Incomprehensible The apprehension was palpable among the crowd as they awaited the arrival of Leiby’s aron. Shock was universal, as was the recognition that, whatever new information may yet emerge, this incident will never be comprehensible by the human mind.

We simultaneously came face to face with the darkest and brightest sides of Am Yisrael, the nation that banded together to fruitlessly search for — and then suddenly mourn — their young brother. Clearly, we will never again be the same.

Flatbush resident Tzvi Wolf, like countless others at the levayah, had never met the victim or his family. Nor does he even live in their neighborhood. Yet he felt very much a part of the week’s events. “This situation brought people together,” he explained. “Every Yid is touched by this incident; even the irreligious woman I saw in the bakery this morning was talking about it.”

Looking ahead, Reb Tzvi saw a clear lesson: “We have to start taking part in more gemilas chasadim. We should be thinking less about ourselves and more about others.” 

Wrenching Sight, Pointed Words Levayah attendees needed no more than to see little Leiby’s aron being lifted out of a dark sports-utility vehicle to experience perhaps the greatest awakening of their lives. The heartrending hespedim that followed would offer mourners a Torah perspective from those most intimately touched by the tragedy.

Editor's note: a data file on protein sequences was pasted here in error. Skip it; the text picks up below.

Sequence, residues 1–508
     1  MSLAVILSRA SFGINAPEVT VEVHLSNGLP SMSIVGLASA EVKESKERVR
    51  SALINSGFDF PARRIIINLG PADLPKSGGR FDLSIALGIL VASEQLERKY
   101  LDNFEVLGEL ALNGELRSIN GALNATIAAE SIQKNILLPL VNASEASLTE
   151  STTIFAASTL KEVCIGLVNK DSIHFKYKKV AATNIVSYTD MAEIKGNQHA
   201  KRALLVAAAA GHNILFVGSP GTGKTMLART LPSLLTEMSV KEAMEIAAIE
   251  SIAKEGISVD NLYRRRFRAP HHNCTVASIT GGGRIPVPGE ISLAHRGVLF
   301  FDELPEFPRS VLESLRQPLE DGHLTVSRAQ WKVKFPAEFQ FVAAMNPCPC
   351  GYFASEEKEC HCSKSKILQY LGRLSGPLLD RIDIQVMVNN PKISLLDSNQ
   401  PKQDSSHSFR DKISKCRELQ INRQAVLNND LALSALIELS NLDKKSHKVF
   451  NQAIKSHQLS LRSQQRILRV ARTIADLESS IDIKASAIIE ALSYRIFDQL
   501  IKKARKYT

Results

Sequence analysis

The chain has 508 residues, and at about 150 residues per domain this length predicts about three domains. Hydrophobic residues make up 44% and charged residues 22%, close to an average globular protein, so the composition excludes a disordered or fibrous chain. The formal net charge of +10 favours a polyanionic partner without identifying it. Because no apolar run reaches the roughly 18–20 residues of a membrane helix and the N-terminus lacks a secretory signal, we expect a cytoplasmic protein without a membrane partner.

Rav Gavriel Zinner shlita, author of Sefer Nitei Gavriel, wailed that the death of “this dear soul, this tzaddik … who never did any aveiros” was an “olah temimah,” an unblemished sacrifice on behalf of Klal Yisrael. The nesachim (libations that accompany the bringing of a korban), he added, are the rivers of Klal Yisrael’s tears.

“Young children suffer because of the aveiros of the generation,” Rav Zinner cried out. “We have no idea how much Heavenly fury this child has squelched.” In memory of the holy sacrifice, the renowned posek urged a greater devotion to halachah and particularly called for increased vigilance in observing the halachos of yichud (seclusion of males and females together).